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A London railway station

A train is a form of rail transport that consists of a chain of vehicles designed to move along rail tracks, with motive power typically provided by either a locomotive at the front or by motors in each unit working in concert. Their principal function is the transport of cargo and passengers.

Trains arose during the 19th century in the midst of the Industrial Revolution as a new and innovative mode of transportation that allowed individuals to travel across vast distances with greater speed and efficiency. It also complemented the surge in mass production by facilitating the transport of copious resources and products in a far shorter span of time.

Notably, the British Brotherhood of Assassins under Henry Green, Evie Frye, and Jacob Frye even employed a train as the hideout for their guild during their operations in London since 1868. The mobile nature of the base ensured that it was well-suited to eluding the detection of their enemies, the Templars.


During the 19th century, London trains provided routes for Edinburgh, Liverpool, Oxford, Cambridge, Brighton, and Dover. Open-topped carriages were available for the poor. Since 1834, English and Scottish rail lines merged, allowing people to travel faster between the two places. Queen Victoria was the very first monarch to ride a train since 1842.[1]

The first rail factory was owned by the Starrick family and inherited by their youngest son Crawford, who used it to expand his Templar influence and business throughout London. Sometime in mid-19th century, Starrick impounded a Herwicke Steam Engine which was owned by Agnes MacBean and nicknamed "Bertha". He then placed the train and MacBean under his Templar accomplice Rexford Kaylock. Kaylock, as the Whitechapel Blighters gang leader, equipped the train for their operations.[2]

Since 1860, several large railway companies donated money for the first underground railway transport under the plans of Charles Pearson. John Fowler was also hired as the chief engineer. However, the construction caused many families to lose homes and roads to be blocked. It also used the technique "cut and cover" which involved sinking of trenches and reinstating the surface.[3]

The American businessman, Ned Wynert, and his group of thieves used London's transit systems as cover for their criminal activities. In this way, Wynert was able to rob many shipments coming into the city of their valuables.[2]

It's 1868, the Assassin siblings Jacob and Evie Frye destroyed the Whitechapel Blighters with their new syndicate, the Rooks. With MacBean's permission, the twins made her locomotive their mobile hideout and "residence", each claiming a carriage for themselves to live in during their stay in London. Later on, they gained the aid of Nigel Bumble, who worked under MacBean in fixing and repairing the train.[2]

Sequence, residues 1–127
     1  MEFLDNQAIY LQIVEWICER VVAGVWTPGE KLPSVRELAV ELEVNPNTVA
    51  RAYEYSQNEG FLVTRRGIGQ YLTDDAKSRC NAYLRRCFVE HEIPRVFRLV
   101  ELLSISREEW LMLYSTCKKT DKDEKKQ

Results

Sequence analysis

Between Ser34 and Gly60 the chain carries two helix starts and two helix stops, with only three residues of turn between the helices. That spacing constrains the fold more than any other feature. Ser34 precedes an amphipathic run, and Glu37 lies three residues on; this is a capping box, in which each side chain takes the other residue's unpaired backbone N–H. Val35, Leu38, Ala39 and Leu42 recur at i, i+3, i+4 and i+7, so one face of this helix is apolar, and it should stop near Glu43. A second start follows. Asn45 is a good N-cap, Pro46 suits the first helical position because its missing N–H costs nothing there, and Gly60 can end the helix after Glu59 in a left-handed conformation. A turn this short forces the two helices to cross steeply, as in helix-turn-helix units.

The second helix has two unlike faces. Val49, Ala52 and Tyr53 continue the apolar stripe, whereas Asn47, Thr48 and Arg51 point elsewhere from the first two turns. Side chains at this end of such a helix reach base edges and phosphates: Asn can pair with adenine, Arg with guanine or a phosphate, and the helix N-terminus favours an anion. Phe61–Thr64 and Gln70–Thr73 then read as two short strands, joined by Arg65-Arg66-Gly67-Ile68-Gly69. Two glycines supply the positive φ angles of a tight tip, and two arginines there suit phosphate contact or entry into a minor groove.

With Wynert's assistance, the Rooks would also rob trains carrying money to fund their operations. In addition, Jacob and Evie frequently visited various train stations in London to assassinate Templars and destroy Blighter shipments.[2]


  • In Assassin's Creed: Syndicate, there is a red tender engine seen hauling passenger trains around London named "The Great Eagle" with the number 1191, referencing the sobriquet of Altaïr Ibn-La'Ahad and the year Assassin's Creed took place, respectively. Additionally, there is a black tank engine with the number 1476 on the front of its smokebox, referencing the year Ezio Auditore da Firenze began his quest to avenge the deaths of his father and brothers. The train locomotive itself is based on the G.W.R. type engine, City of Truro.
  • The S.E.R. black tank engine is based on a LB&SCR A1x Terrier class tank engine, though painted in British Railways' lined black livery, complete with smokebox number plate, and lettered for the South Eastern Railway.
  • Both types of engine designs present in Syndicate are historically inaccurate. The A1x class tank engines in their original form, as the A1 class, were only introduced in the 1870s, while the Duke class started being built in the 1890s. Additionally, the black livery of the A1x was not used until the late 1940s. The G.W.R class City of Truro was not built until 1903.
  • The green painted locomotive is based on the GNR Stirling 4-2-2. Its appearance in Syndicate is anachronistic as it was introduced in 1870.
  • It is also uncommon to catch trains at stations and cannot go reverse out of stations such as Victoria station and St. Pancras.
  • The route of the train varies on which chapter you're on.
  • The stations trains visit include Waterloo station, Cannon Street station, King's Cross station (in Whitechapel), London Bridge station, London Victoria station, and Charing Cross station.




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